Not the land of make-believe
This month’s theme is “Building” at my son’s preschool. They are building with blocks, deciding what does and doesn’t work as a building material, and creating “all sorts of buildings” according to Little Guy. I also have a project in the framing stage that just happens to be about a minute from the school. So, after I collect him from his day, we swing by the job site and, depending on what is going on, we stop by and check on things.
“It’s like a real house.” This may very well be some of the most complimentary Architectural critique that I’ve ever received. I certainly hope my clients feel the same way! But there was much more behind the seemingly obvious observation. It is, in fact, a real house…or at least on its way to being one. “What do you mean?”, I asked him. He told me that “First it was just words. Then it was on your papers and it was just pretend. Now it’s just like a real house that we are in.”
Yes. Yes it is.
We proceeded to make our way in and around the newly framed walls that just barely define the different spaces on the first floor. I showed him the kitchen and explained where the sink would be. “This is where the oven goes. Over here will be the fridge.” “That sure is a big kitchen, huh, Dad?” Down the hallway, into the bathroom where he asked where the sink would go and proceeded to “pssshhhhhhh, wash his hands.” “What will this be? Is this a window? Do you have to jump out the front door? (the grade outside hasn’t been finalized yet).” It was truly amazing and extremely fulfilling to answer his questions about what exactly was going on in the skeleton of space we made our way thru.
“I like it.”, he let me know when we got back in the car, and I’m sure I smiled ear to ear. “Dad, where does everyone sleep?” We had not been able to visit the 3 bedrooms upstairs because…well, they didn’t exist yet! He said he can’t wait until the stairs get built.
It was, indeed, “just pretend” at one point. The design process does start with “just words” when the initial flood of ideas, the wants and needs of the client, all come out. There’s budget and timing and there’s sometimes things that people know they want, and know they can’t afford. There’s managing expectations, determining the level of my involvement in the process, and of course, making sure that the most important people (the ones paying for and living in the house, of course) remain connected and engaged during the process. And we haven’t even started yet.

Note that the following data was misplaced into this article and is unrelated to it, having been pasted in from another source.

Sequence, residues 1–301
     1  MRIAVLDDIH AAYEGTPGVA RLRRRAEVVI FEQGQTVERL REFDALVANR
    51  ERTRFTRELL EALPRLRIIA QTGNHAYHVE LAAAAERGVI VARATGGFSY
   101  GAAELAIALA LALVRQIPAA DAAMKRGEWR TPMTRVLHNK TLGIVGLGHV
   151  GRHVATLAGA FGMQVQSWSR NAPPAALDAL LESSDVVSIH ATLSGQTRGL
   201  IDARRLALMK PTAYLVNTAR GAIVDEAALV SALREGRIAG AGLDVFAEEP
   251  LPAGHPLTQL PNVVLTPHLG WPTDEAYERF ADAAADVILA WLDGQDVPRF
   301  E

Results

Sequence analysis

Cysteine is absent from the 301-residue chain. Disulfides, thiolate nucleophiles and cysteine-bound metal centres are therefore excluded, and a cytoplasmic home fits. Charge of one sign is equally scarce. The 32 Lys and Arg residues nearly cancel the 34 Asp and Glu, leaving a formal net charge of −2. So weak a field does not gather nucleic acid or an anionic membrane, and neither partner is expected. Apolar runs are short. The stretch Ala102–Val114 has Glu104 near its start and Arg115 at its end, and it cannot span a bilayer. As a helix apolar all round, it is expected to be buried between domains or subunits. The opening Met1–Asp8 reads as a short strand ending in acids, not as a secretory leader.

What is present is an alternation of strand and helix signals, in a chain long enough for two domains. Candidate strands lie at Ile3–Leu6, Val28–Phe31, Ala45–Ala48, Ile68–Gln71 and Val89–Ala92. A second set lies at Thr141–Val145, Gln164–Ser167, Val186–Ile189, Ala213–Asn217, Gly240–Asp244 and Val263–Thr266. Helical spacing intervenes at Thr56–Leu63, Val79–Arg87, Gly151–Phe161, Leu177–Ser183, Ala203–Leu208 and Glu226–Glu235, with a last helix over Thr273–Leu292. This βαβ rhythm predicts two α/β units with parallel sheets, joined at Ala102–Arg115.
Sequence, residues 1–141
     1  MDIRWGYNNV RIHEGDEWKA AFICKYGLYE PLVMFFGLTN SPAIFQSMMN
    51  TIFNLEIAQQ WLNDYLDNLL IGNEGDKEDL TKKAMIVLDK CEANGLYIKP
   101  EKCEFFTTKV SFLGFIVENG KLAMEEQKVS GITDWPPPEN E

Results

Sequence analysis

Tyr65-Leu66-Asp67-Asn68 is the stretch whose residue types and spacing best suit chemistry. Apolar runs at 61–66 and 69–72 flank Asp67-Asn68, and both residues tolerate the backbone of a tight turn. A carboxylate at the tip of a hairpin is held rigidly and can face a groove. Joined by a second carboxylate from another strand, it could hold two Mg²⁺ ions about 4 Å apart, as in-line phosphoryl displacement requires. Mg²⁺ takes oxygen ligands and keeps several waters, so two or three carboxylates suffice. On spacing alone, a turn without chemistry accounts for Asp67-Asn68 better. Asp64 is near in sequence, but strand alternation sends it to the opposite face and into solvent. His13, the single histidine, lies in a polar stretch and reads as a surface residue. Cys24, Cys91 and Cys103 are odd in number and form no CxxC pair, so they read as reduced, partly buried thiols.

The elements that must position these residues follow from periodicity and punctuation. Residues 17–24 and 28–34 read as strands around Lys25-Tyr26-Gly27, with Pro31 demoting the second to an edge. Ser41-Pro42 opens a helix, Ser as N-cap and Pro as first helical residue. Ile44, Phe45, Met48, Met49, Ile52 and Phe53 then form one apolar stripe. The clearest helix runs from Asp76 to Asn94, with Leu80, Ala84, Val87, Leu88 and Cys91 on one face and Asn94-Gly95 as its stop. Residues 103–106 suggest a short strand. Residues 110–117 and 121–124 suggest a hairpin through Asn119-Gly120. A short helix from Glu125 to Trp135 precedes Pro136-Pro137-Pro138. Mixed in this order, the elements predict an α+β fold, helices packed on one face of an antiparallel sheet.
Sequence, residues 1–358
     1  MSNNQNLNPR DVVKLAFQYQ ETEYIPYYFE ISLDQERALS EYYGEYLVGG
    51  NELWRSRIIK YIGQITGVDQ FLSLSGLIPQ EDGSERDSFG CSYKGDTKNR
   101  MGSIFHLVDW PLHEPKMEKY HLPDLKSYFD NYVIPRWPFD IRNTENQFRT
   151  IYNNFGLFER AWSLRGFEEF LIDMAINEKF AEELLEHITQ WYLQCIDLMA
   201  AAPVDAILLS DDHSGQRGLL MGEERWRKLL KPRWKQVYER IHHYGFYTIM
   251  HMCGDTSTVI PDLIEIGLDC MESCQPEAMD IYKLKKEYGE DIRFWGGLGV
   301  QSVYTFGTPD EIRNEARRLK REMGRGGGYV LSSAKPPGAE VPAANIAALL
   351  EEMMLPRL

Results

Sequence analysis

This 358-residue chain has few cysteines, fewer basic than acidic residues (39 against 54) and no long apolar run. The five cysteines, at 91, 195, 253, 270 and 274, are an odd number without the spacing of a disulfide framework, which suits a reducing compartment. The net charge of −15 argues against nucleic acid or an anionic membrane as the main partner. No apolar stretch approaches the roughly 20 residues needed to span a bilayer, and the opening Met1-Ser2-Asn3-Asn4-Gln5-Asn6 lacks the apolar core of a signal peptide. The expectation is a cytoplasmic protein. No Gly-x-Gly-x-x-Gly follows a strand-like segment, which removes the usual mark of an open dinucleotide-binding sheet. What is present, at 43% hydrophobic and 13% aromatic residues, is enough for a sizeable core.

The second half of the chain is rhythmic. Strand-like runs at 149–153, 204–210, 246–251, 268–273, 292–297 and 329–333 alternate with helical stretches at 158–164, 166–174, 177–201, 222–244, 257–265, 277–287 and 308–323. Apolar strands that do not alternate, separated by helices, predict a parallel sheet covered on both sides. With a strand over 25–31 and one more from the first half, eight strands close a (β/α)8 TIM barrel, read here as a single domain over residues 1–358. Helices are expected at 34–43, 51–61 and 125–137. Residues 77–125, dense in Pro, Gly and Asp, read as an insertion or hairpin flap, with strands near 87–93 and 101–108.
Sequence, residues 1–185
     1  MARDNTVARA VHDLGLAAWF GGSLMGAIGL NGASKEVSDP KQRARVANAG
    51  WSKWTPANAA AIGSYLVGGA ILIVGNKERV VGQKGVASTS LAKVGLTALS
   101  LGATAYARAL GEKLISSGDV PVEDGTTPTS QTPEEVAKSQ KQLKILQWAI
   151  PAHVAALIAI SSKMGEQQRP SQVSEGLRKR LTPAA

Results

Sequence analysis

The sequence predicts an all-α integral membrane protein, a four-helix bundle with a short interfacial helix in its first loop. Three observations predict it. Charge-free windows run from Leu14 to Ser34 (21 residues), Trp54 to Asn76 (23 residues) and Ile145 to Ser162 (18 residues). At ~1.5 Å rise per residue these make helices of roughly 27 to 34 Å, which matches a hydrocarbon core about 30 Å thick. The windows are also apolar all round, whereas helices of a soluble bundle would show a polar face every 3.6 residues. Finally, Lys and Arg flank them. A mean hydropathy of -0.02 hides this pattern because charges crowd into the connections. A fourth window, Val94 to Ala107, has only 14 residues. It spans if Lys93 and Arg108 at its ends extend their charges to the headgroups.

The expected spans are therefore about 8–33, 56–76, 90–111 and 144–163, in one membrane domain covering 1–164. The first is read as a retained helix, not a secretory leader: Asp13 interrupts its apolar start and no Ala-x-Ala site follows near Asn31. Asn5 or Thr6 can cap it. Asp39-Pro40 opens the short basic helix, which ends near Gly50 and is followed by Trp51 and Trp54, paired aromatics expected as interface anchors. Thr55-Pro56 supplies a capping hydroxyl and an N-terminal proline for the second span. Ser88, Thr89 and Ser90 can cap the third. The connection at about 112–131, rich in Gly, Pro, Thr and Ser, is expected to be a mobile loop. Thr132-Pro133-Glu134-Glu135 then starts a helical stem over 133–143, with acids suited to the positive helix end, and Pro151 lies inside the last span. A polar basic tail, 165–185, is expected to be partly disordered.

Little Guy and I review drawings together. We look at “pretend” spaces and attempt to identify them. “What kind of room might this be? It has a big table in it with lots of chairs. This is a door. This is a window.” We test questions like “Why can’t the cars park on the roof? Why should the playroom be on the opposite end of the house from Dad’s office? (some answers are more obvious to me than they are to him…)” I like to think that he is absorbing all of this, and I’m sure he is, but at the moment, it’s just us having fun talking about what I do; showing him how spaces can be designed beforehand, and aren’t just the result of someone nailing a bunch of boards together.
This, of course, can apply to any number of things we encounter in our daily life. Things can be designed. We can design them. I hope to instill in him the idea that we don’t have to just accept things for what they are. We can think about how we want things to be. . . and make it that way, or at least experiment a little bit and make stuff up for the fun of it. It’s something that happens in the Architectural profession all of the time. We have ideas competitions, or hypothetical design solutions for non-existent projects. It sharpens the pencil, sharpens the mind, and maybe results in some ideas we may not have thought of otherwise. Sounds exactly like something we should be doing with our Children!
The LEGO Architecture book came out last year. It’s a story and visual guide to the LEGO Architecture products that I’ve highlighted in the past. Another product that may be more for Dad than for Little Guy, but as he gets older. . . we’ll see!